It is generally thought that backdating an agreement is done with an intent to deceive. However, backdating documents is practical in certain instances where the parties made an agreement on a certain date but were unable to memorialize that understanding in writing on that date. To accommodate such instances, most jurisdictions allow for contracts to have an effective date that is earlier than the date the documents were signed. This is commonly known as “backdating.”
Generally, backdating an agreement is legitimate if it accurately memorializes an unwritten agreement between the parties. However, when the parties are unsure of when the unwritten agreement was actually reached, the practice should be avoided as it could result in unintended risks. Those risking include the following:
- Liability issues that may arise because of discrepancies between the effective date and the signing date;
- Potential breach of contract upon the signing;
- Unintended tax issues; and/or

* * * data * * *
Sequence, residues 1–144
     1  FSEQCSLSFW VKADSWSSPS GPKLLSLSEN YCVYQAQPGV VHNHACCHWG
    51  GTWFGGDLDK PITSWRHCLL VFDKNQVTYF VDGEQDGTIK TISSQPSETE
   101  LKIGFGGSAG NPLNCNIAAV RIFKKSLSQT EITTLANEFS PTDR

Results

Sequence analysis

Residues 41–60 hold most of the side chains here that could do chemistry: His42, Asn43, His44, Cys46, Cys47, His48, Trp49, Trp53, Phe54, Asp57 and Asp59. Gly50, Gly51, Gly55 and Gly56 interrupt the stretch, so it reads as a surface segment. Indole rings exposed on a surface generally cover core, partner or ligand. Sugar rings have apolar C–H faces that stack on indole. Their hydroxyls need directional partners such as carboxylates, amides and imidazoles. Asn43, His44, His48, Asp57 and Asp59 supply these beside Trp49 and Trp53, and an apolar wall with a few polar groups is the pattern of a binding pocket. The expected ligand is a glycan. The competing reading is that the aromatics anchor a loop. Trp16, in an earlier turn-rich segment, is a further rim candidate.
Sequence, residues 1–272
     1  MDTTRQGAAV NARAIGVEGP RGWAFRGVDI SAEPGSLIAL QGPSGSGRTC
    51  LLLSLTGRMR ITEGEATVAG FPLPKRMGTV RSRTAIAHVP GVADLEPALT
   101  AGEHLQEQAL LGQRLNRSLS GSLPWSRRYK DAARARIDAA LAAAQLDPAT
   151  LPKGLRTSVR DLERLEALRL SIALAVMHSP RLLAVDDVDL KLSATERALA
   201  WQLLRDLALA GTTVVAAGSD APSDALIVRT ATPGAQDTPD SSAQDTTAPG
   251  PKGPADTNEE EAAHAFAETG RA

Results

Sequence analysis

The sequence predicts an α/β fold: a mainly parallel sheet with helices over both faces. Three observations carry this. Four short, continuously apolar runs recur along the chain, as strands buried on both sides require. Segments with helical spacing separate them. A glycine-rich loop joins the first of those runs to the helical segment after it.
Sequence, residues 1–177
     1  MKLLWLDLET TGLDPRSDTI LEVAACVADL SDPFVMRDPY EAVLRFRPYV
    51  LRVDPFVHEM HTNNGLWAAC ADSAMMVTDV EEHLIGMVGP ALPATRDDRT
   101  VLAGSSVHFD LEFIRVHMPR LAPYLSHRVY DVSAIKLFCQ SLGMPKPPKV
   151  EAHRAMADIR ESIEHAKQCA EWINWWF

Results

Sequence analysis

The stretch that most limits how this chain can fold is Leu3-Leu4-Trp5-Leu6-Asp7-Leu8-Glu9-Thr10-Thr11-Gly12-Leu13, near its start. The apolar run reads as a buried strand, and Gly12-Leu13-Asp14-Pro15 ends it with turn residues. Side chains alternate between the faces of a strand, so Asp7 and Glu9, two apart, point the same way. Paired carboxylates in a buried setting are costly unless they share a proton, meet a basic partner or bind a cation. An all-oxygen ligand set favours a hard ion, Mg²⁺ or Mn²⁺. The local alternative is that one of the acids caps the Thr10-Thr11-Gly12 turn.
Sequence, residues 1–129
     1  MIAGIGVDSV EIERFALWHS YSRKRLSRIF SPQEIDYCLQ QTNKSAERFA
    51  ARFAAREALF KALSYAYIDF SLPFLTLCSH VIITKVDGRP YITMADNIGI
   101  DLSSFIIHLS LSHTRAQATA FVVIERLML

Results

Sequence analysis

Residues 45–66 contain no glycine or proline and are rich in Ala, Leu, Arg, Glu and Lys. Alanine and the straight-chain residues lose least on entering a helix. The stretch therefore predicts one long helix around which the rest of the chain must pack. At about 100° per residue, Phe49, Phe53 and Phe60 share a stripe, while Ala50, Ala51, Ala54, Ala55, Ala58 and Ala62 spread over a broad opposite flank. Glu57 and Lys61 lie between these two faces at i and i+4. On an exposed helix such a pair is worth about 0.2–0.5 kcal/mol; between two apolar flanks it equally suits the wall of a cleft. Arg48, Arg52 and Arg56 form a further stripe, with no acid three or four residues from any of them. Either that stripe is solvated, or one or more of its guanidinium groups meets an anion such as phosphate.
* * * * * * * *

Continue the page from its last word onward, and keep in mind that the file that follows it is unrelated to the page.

- Assumption of unanticipated obligations.
Note caution should be practiced because Courts often have a difficult time distinguishing between legitimate backdating and improper backdating. Determining whether backdating is legitimate is complicated by ambiguous records, limited recollections and the reliance on the recollections or statements of others. At times fabricated backdating can be innocuous when no third party’s rights are adversely affected and no law is violated and other times backdating that memorializes can be problematic if it misleads a court to believe the document was executed on the date the event occurred. In such instances a court could invalidity the entire agreement.
To minimize the risks of backdating, please contact Parker McCay’s Corporate Law department to draft and review your business’s backdated agreements.